Trees uprooted outside the burn zone by fierce winds around the Carr Fire. (Danielle Venton/KQED)
On Thursday evening, the Carr Fire exploded into the outskirts of Redding, blazing through everything in its path.
By the next morning, through images and video posted online, the world could see the force that had driven the fire’s leap across the Sacramento River and rapid spread into the city: a massive, rotating cloud of smoke and ash and flame. ABC10, which posted one of the most widely shared videos on Twitter, said it wasn’t a tornado. But it sure looked like one.
It was a fire whirl, also known as a fire devil, fire vortex, fire tornado, or “firenado.”
A fire whirl is any intensely rotating column of heated air that rises from a wildfire, according to Neil Lareau, an atmospheric scientist at the University of Nevada, Reno.
It begins to form when air starts to rotate, usually near the surface of the earth. The air is very hot because of the fire, but also due to the hot ambient air temperatures that set the stage for the fire in the first place. Heat rises, so that spinning air at the surface gets stretched high into the atmosphere, forming a rotating column of hot air that pulls ash and flame along with it.
What causes the rotation in the first place?
“That’s the part we don’t really know,” says Lareau.
Rotation can be driven by differences in wind speed or temperature, caused by features of the local environment: the terrain or an obstacle on the ground. But researchers don’t understand this part very well, and it’s difficult to pinpoint what exactly started the rotation at the Carr Fire.
What happens when the rotation rises into the air is better understood. The rotation becomes concentrated in that column. Lareau likens it to a whirling figure skater who puts their arms up over their head to spin faster.
"They kind of concentrate that rotation, and make it stronger. And the fire is doing this huge vertical boost to that rotation that may have been at the surface," he explains, "It's starting to look more like a tornado than your garden-variety fire whirl."
Usually, meteorologists take issue with describing fire whirls as "fire tornadoes" because they form differently, and fire whirls are usually made up of much weaker winds than tornadoes. Last Thursday, though, seeing the aftermath with roofs ripped off of homes and large trees completely uprooted just outside the burn zone, even the weather experts were tempted to describe the Carr Fire whirl as a tornado.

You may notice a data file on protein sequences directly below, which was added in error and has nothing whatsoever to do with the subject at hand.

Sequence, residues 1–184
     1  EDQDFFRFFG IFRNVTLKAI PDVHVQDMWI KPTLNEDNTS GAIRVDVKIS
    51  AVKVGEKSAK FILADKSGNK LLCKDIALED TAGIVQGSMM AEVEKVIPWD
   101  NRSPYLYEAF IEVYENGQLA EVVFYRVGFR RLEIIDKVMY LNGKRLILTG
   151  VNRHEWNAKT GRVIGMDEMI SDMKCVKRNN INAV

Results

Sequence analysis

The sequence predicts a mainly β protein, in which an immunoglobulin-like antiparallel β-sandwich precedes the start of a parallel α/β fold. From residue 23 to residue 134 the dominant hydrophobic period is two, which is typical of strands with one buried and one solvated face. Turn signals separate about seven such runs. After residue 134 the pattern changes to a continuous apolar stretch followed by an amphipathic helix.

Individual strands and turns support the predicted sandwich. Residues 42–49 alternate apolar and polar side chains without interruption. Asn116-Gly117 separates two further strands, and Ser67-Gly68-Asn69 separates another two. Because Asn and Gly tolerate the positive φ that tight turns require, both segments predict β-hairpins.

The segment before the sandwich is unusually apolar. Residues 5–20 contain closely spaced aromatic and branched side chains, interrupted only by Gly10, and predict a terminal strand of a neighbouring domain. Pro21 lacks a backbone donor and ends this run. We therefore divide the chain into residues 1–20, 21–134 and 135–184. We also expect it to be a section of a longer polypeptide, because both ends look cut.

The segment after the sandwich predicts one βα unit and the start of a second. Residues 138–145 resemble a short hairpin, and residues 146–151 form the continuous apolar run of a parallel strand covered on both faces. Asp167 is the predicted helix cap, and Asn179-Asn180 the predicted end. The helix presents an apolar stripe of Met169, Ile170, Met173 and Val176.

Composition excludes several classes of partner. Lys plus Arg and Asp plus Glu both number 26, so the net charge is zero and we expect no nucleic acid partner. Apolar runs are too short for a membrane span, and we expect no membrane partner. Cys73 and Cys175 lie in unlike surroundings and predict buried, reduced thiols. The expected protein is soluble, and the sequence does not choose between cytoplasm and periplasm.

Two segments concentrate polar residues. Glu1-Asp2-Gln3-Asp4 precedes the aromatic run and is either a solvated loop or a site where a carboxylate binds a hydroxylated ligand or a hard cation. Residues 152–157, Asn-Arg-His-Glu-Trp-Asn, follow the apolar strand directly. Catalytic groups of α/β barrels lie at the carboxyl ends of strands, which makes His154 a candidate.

Always see confusion about calling firewhirls tornados, yet this damage from the #CarrFire is very compelling. Not sure what it takes to knock over light posts, but these photos suggest severe mesoscale tornadic-like winds in unburned neighborhoods. Incredible. #CAfire#CAwxhttps://t.co/1aoxkbTT5D
Fire whirls are not an uncommon sight at a wildfire. But they're usually small, up to 1,000 feet high, and last only minutes or even seconds. On Thursday night, the fire whirl outside of Redding stretched to about 18,000 feet into the air and lasted for nearly an hour, and winds were clocked near the lower end of tornado-strength wind speeds.
"It's very rare as well to have these really persistent long-lived events like that, " says Lareau, "To get a big one like this is really scary."
Fire whirls are dangerous not only because of the strength of the winds involved but because they lift embers high into the air, where higher-altitude winds can carry them far from the flaming front. That's one way that fires get past what should be major barriers -- like the Sacramento River.
Lareau says that other fire whirls on this scale have occurred in Northern California in the recent past, but not in densely populated areas like Redding. Big fire whirls may have played a role in the spread of last year's Thomas Fire and North Bay Fires -- counted as the state's largest and most destructive on record, respectively -- but the fire whirls were not on the same scale, and those fires were mostly driven by regional Santa Ana and Diablo winds.
Scientists are really just starting to learn about fire whirls, and are a long way from being able to predict the occurrence of major fire whirl events -- but they can identify the ingredients that make such an event more likely. The topography of the area is part of it. And the heat, which reached 113 degrees in Redding last week.
"When you get a big temperature differential you get a big pressure differential. And when you get a big pressure differential you accelerate the winds,” explains Lareau, “You're kind of off to the races once you get something like this going."
While it's difficult to tie any one event to climate change, Lareau says that "it’s not a coincidence the that this is the record-[hottest] July for the northern Sacramento Valley, embedded in a broader trend, and we’re going to keep seeing that.”
Fire tornadoes are just one type of extreme fire behavior that may be exacerbated by climate change. And as UC Merced fire scientist Anthony Westerling argued on Twitter, the “new normal” of fire might not really be “normal” at all, but a permanent state of unpredictability.
We are not, and will not, experience a “new normal” of wildland fire behavior. A “normal” is a long term average that provides a useful guide to the future, but wildfire is responding to accelerating climate change: no one alive today will ever see a stable climate again. https://t.co/wyqnMz7AFP
But whether it’s fires burning intensely at night, or rapidly downhill, or forming fire whirls with tornado strength winds, or all three at the same time — as has been the case at the Carr Fire — firefighters and communities will need to adjust. Soon.
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